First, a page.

Religion will be a deal-breaker for some, and Romney’s Mormonism will likely lose him votes he may otherwise have had on account of his economic platform; religion will also lose him the votes of those who can’t accommodate the member of a religion they’ve been brought up their entire life to despise. Worldviews aren’t so easily disposed of. Your average fundamentalist’s lifetime of indoctrination is not as easily tossed aside for the sake of expediency as it is for Romney and Ryan. And a vote for Jesus may answer the call of integrity for the devout but it won’t put a Mormon in the White House.

Barack Obama, on the other hand, will have no problem accruing the votes of all those religions (and non-religion) that modern-day Republicanism despises, as well as those of moderate and progressive Christians. And a sure stumbling block for Romney and those who have made religion such an issue is that even were the election decided purely on the basis of conservative Christianity’s culture war platform that would still not make enough votes for a Romney win, as proven by their inability to give the nomination to their favorites – Bachmann, Perry, and Santorum.

On social issues, America is moving to the left, not to the right. The Pew Forum tells us that as of the end of July, two-thirds of Democrats now support marriage equality.  America as a whole has reached the tipping point, where just over 50 percent of people support  same-sex relationships. Fundamentalists can convince themselves that Chick Fil A Appreciation Day (a better name would be Pat Your Bigotry on the Back Day) disproves the polls but that’s wishful thinking.

Christianity is losing members, not gaining them. Rather than broadening their tent, Republicans only manage, again and again, to make it smaller.  Republicans have invested so much time and energy into the religion debate that if religion turns out to be a relative non-issue, as The Pew Forum suggests, they might well wish they had diversified their message.

If, on the other hand, religion does turn out to be more of an issue than Pew thinks, their focus may well backfire on them. By making it important that being the “right sort of Christian” matters, they have put Mitt Romney in the unenviable position of not being that “right sort” if he is really a Christian at all by their standards. Many would argue that belief in the Trinity is essential, and there is no Trinity where Romney comes from. Three wives? Sure. Three parts of God? Not so much.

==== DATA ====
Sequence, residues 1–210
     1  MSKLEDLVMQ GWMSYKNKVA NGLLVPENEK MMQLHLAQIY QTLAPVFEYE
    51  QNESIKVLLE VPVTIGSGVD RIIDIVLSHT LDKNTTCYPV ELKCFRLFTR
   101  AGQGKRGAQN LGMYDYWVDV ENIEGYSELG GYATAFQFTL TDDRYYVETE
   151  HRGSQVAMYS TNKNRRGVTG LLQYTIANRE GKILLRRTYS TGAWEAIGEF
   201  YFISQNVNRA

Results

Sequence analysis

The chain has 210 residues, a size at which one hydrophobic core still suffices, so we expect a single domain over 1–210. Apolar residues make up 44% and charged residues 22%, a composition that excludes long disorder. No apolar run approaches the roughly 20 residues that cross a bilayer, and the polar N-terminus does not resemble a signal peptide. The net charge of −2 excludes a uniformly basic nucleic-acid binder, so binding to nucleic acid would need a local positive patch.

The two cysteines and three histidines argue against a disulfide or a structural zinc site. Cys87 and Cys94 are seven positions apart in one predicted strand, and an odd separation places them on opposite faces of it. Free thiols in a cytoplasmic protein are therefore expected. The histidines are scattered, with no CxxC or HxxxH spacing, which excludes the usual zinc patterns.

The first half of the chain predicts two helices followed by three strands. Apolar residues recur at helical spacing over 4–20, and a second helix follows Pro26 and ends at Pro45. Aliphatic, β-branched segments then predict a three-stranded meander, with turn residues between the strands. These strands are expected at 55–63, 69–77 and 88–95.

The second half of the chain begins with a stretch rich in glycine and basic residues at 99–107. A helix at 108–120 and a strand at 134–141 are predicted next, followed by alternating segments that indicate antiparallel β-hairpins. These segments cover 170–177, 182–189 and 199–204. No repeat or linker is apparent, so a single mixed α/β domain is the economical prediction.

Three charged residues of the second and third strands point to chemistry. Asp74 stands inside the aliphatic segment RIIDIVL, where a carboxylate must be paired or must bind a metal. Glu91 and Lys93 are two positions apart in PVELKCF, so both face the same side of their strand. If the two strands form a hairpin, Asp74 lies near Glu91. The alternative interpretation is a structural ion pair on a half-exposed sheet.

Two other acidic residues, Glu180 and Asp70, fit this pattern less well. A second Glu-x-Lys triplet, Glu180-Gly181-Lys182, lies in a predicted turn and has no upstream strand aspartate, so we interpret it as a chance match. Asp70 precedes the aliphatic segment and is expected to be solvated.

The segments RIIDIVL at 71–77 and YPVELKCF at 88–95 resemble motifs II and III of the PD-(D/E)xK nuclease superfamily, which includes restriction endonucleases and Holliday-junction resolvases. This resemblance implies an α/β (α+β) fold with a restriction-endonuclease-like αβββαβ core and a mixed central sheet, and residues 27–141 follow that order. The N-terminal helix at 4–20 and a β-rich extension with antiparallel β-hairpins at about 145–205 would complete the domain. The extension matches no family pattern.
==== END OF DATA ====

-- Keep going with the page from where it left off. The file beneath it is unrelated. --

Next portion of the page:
Perhaps the Founding Fathers were being hopelessly idealistic when they tried to take religion out of the equation, but I don’t think so. They knew their history if Republicans, having stuck themselves with David Barton’s counterfeit, do not. I think they knew very well how divisive an issue religion could be, which is why they bequeathed to us Article VI, paragraph 3, which forbids religious tests for office, and the First Amendment, banning government sponsorship of religion.

Those parts of the Constitution are there because of days like today, when religion threatens to tear our nation apart, just as it once tore the Old World apart. Democrats would do well to remember this on Election Day, because Republicans will not.

Image from Liberal Effects

Hrafnkell Haraldsson

Hrafnkell Haraldsson, a social liberal with leanings toward centrist politics has degrees in history and philosophy. His interests include, besides history and philosophy, human rights issues, freedom of choice, religion, and the precarious dichotomy of freedom of speech and intolerance. He brings a slightly different perspective to his writing, being that he is neither a follower of an Abrahamic faith nor an atheist but a polytheist, a modern-day Heathen who follows the customs and traditions of his Norse ancestors. He maintains his own blog, A Heathen's Day, which deals with Heathen and Pagan matters, and Mos Maiorum Foundation, dedicated to ethnic religion. He has also contributed to NewsJunkiePost, GodsOwnParty and Pagan+Politics.